Manchester Arena Inquiry: Transport Police 'did not share critical info'

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Assistant Chief Constable Sean O'CallaghanImage source, Manchester Arena Inquiry
Image caption,
Assistant Chief Constable Sean O'Callaghan said British Transport Police had since made changes

British Transport Police failed to share vital details with other emergency services after the Manchester Arena attack, a senior officer said.

Assistant Chief Constable Sean O'Callaghan told the public inquiry into the atrocity how a declaration of a major incident was not passed on.

Neither were details of the scene following the bombing on 22 May 2107.

He said "a number of changes made have been put in place" to improve BTP's emergency plans.

Twenty-two people were killed and hundreds more injured when suicide bomber Salman Abedi detonated a homemade device at the end of an Ariana Grande concert.

The inquiry has heard details of a range of failures from the emergency services on the night of the attack.

Counsel to the inquiry Paul Greaney said: "BTP did not, at least at any relevant time, co-locate at command level, they did not communicate effectively, nor did they co-ordinate.

"In the result, they didn't jointly understand the risk with emergency service partners and they did not share situational awareness."

Mr O'Callaghan agreed they were "critical pieces of information" and "vital" to enable other emergency services to gain situational awareness.

Asked if he recognised these were serious failures, Mr O'Callaghan said: "Yes, that is correct and a number of changes made have been put in place to address those."

He said improvements made since 2017 included the training given to officers and the force's emergency plans.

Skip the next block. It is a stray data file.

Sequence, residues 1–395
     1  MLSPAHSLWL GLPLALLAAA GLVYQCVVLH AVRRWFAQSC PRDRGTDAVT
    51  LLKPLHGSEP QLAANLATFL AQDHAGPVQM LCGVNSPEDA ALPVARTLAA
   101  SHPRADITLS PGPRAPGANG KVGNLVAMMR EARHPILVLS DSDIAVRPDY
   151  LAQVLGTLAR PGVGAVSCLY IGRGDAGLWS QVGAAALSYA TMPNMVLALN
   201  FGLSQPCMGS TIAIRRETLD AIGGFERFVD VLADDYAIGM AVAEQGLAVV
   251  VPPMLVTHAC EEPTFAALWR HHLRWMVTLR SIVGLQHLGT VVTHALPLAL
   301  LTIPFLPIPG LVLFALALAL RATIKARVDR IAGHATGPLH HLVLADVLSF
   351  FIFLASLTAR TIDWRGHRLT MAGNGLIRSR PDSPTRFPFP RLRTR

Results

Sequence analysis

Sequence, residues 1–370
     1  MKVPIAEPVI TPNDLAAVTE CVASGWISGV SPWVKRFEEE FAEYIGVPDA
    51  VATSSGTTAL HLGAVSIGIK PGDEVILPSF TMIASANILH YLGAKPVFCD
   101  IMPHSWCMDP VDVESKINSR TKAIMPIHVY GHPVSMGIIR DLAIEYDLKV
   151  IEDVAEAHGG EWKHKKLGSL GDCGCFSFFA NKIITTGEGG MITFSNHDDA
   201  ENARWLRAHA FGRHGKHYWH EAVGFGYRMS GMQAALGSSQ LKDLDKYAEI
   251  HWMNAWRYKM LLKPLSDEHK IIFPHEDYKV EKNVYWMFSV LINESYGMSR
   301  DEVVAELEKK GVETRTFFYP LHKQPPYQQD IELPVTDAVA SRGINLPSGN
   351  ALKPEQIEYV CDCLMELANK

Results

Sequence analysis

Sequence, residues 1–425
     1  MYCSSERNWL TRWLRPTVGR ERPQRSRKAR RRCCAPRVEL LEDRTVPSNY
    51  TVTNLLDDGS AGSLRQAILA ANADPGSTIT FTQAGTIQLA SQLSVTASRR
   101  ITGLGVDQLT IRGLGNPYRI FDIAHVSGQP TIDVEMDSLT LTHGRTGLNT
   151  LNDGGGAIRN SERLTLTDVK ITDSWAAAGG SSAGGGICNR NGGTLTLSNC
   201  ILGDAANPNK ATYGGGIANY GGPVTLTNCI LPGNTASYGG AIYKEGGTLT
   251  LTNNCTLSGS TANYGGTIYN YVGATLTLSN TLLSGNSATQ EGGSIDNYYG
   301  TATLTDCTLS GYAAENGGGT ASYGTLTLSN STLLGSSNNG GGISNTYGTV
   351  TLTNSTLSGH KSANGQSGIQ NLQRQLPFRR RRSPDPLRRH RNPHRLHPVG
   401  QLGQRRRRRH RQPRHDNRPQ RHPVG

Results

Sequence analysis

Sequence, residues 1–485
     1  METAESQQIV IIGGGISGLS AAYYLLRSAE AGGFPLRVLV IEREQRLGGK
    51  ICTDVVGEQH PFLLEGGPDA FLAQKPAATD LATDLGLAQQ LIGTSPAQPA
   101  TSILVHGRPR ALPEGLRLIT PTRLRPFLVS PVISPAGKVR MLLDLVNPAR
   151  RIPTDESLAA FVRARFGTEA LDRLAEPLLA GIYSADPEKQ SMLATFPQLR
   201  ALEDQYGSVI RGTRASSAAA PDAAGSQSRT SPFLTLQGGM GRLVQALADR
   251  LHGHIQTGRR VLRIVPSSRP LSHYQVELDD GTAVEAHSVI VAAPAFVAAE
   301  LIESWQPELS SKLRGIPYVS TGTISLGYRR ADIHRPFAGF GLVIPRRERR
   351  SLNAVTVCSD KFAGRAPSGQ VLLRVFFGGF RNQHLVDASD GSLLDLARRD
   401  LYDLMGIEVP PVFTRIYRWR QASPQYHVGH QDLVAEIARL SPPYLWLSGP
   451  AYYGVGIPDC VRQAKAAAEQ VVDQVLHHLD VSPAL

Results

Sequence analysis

Image source, Family handouts
Image caption,
Twenty-two people were killed in the bombing on 22 May 2017

The inquiry heard in the two years leading up to the attack, representatives from BTP were only present at three of nine local resilience forum meetings for the area, held for public services to prepare for emergencies.

On the occasions they were present, the meetings were attended by BTP inspectors or chief inspectors, the hearing was told.

Asked whether that was an unacceptable level of engagement, Mr O'Callaghan said: "It's certainly not of the standard I have now put in place."

He said the meetings were now attended by officers of superintendent or detective chief inspector rank.

He also told the inquiry the force had invested in explosive search dogs, with seven now based in the Manchester area, after their canine officer Mojo was the first on the scene at 23.44 GMT that night.

He agreed that further changes were necessary within the force following information revealed during the inquiry and said he would provide a statement on what additional changes would take place.

Before questioning Mr O'Callaghan on what went wrong for the force on the night, Mr Greaney told the inquiry there were a number of BTP officers who responded "swiftly and bravely" within seconds of the explosion.

The inquiry was adjourned for a summer break and will resume on 6 September.

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